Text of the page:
On a recent trip to the US to visit my parents I also visited several antique malls in their city. I have three that I usually have on my list when I go there. The one I want to focus on in this post is in an old grain elevator and has three floors of many “antiques” which always surprise me because many are the same age as I am! Anyway, on the second floor I found a booth with two pipe racks containing over a dozen older pipes. Most were junk in that they had cracked bowls and broken shanks etc. But also in the midst of it was this old Yello Bole Canadian. It had some beautiful briar in it. Yello Bole is the grade down the line for KayWoodie, or so I am told. Pipes that don’t make the grade for KW will often be stamped with the Yello Bole brand. This one was stamped KBB in a cloverleaf on the top of the shank and next to it Yello Bole over honey cured, over imported briar. The stem has the yellow circle inlaid in the vulcanite. If memory serves me correctly this is one of the older pipes in the line.
The bowl was in pretty clean shape. The yellow coating was still visible in the bowl and the bottom half of the bowl was very clean with just a bit of darkening to the yellow coating. The rim was dirty and dented. There were tars on the rim and some deep scratches to go along with the dents. The bowl however, was still round, it had not been ruined by a reamer going a muck. The stem was oxidized and was slightly brown. There was light tooth chatter but no dents on the surface of the stem. The overall finish of the pipe had light spots and dark spots where the finish seems to have been exposed to light or was wiped down and finish removed. There was no over coat of varnish or of lacquer just solid clean briar with a spotty stain.
I broke the pipe down as seen in the pictures below. The stinger apparatus can be seen in the pictures. It is an aluminum shovel like contraption with the hole near the tenon and a long shovel like extension that extends through most of the shank. I cleaned out the bowl with an alcohol scrub on cotton swabs and cleaned out the shank with a shank brush, bristle pipe cleaners and fluffy pipe cleaners and alcohol. When they came out clean I worked on the outside of the bowl. I used cotton balls and acetone to wipe down the outside of the bowl and shank. I wanted to remove the rest of the finish so that I could prepare it for restaining. I applied the acetone until the bowl was free of the stain and finish. The pictures below show the cleaned surface of the bowl. I also used the acetone and some 400 and 600 wet dry sandpaper to clean the top of the bowl and rim. A folded piece of sand paper was used on the inner edge of the rim to clean the beveled edge. Before I stained the pipe I decided to clean and polish the stem. I used the Bic lighter method mentioned in an earlier blog post to get rid of the oxidation. In the pictures below the stem has the majority of the oxidation removed using that method. I then used 400 and 600 grit wet dry sandpaper with water and my usual list of micromesh pads from 1500-6000 grit to polish the stem.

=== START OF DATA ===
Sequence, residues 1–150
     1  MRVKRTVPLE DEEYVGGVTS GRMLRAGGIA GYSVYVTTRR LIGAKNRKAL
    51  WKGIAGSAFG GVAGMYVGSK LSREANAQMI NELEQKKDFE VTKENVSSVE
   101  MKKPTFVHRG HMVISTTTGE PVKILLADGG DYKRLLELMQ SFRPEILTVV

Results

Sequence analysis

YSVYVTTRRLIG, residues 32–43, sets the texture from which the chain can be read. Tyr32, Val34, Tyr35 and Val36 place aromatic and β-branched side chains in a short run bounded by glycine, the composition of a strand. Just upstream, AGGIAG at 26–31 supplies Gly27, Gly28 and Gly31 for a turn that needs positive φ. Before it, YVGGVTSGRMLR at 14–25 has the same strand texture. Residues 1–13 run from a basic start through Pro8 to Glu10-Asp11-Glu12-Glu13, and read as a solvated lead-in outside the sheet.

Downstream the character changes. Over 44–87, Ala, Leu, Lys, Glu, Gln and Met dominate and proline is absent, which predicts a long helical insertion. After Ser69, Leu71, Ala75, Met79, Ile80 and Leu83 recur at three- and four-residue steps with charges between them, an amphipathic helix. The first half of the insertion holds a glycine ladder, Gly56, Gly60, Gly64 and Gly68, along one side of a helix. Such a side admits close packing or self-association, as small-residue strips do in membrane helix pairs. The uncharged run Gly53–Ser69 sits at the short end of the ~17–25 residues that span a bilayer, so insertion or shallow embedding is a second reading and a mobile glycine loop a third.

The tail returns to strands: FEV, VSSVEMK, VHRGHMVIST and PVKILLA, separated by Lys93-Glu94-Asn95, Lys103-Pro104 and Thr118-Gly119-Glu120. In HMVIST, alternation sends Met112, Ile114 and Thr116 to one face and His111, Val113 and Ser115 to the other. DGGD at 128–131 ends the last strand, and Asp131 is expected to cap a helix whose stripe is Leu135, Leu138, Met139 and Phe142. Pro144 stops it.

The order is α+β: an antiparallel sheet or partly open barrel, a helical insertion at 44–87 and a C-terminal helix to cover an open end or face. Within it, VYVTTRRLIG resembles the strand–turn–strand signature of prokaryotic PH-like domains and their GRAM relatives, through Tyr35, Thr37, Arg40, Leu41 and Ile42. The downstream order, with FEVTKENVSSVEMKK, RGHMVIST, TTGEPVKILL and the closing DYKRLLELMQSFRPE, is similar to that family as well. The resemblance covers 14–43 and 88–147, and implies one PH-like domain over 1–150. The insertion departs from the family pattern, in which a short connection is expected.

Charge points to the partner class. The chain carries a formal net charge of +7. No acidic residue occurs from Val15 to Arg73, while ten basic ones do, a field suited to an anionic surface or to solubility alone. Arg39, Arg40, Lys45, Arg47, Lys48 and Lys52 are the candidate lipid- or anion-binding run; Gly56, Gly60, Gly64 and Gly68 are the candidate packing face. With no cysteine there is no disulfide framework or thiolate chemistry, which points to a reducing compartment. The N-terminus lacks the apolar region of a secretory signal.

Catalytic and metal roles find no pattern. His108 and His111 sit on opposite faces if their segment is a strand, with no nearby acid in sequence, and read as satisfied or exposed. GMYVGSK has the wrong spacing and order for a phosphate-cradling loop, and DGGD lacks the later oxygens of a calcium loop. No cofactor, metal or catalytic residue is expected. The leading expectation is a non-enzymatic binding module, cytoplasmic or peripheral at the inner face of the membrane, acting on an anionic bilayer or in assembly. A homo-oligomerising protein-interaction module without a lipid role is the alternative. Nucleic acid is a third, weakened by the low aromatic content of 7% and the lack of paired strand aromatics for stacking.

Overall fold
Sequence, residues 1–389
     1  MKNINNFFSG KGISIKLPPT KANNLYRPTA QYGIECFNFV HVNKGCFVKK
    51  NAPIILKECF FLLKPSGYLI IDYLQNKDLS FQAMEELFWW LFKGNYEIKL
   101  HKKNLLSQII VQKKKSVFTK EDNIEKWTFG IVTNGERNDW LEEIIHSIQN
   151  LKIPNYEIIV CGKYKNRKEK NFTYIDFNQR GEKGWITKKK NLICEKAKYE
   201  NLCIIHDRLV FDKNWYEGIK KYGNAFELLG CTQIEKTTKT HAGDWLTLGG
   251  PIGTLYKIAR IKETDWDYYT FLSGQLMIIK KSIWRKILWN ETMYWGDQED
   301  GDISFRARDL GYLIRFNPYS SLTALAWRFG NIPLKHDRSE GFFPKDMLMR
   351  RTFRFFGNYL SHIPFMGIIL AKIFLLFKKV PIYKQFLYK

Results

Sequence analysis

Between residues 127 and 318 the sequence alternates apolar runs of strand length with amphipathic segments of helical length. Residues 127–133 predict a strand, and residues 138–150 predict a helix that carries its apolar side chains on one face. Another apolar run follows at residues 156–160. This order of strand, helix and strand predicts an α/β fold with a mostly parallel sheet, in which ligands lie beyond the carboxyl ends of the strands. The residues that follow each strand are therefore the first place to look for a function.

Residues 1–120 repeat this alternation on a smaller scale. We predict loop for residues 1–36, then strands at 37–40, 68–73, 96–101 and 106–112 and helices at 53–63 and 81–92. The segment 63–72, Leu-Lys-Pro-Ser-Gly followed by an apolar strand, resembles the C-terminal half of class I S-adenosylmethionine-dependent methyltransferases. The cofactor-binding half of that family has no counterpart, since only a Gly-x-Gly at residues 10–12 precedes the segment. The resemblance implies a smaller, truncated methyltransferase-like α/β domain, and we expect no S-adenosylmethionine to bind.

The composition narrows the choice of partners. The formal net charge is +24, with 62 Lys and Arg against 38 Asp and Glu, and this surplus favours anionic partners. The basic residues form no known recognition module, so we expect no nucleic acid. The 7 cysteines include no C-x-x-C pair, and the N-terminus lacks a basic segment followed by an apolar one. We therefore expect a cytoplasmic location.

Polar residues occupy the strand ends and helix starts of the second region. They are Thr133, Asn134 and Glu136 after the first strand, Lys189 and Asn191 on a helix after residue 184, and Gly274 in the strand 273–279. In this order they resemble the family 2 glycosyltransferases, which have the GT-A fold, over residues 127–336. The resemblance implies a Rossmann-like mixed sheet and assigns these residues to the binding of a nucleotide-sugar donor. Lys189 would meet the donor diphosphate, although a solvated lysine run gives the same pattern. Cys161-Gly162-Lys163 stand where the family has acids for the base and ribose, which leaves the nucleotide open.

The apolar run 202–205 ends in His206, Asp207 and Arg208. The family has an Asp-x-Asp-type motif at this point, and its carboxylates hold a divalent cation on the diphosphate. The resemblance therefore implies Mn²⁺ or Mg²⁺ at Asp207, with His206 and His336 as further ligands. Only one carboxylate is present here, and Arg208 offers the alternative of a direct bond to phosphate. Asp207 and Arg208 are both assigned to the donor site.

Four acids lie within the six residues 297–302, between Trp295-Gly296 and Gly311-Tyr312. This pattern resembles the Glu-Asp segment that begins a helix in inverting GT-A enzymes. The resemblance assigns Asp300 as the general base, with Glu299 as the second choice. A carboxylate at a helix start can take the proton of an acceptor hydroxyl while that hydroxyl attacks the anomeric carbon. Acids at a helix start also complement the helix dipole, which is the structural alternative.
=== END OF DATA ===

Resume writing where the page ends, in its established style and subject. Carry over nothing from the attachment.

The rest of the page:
Once the stem was cleaned and polished by hand I inserted it into the bowl and used it to hold the pipe while I restained it. I used a medium brown aniline stain on this pipe to approximate the original stain and to highlight the grain. I applied it with the dauber that came with the stain and then flamed it to set the stain. I then took it to the buffer and buffed it with Tripoli to remove some of the opacity of the medium brown stain and bring the grain to life. Once that was done it was buffed with White Diamond. Both the stem and the bowl were buffed. Care should be exercised in the buffing process to not obliterate the stamping. I use a light touch when buffing around the stamping. The four pictures below show the finished pipe – ready to load with a favourite tobacco and enjoy!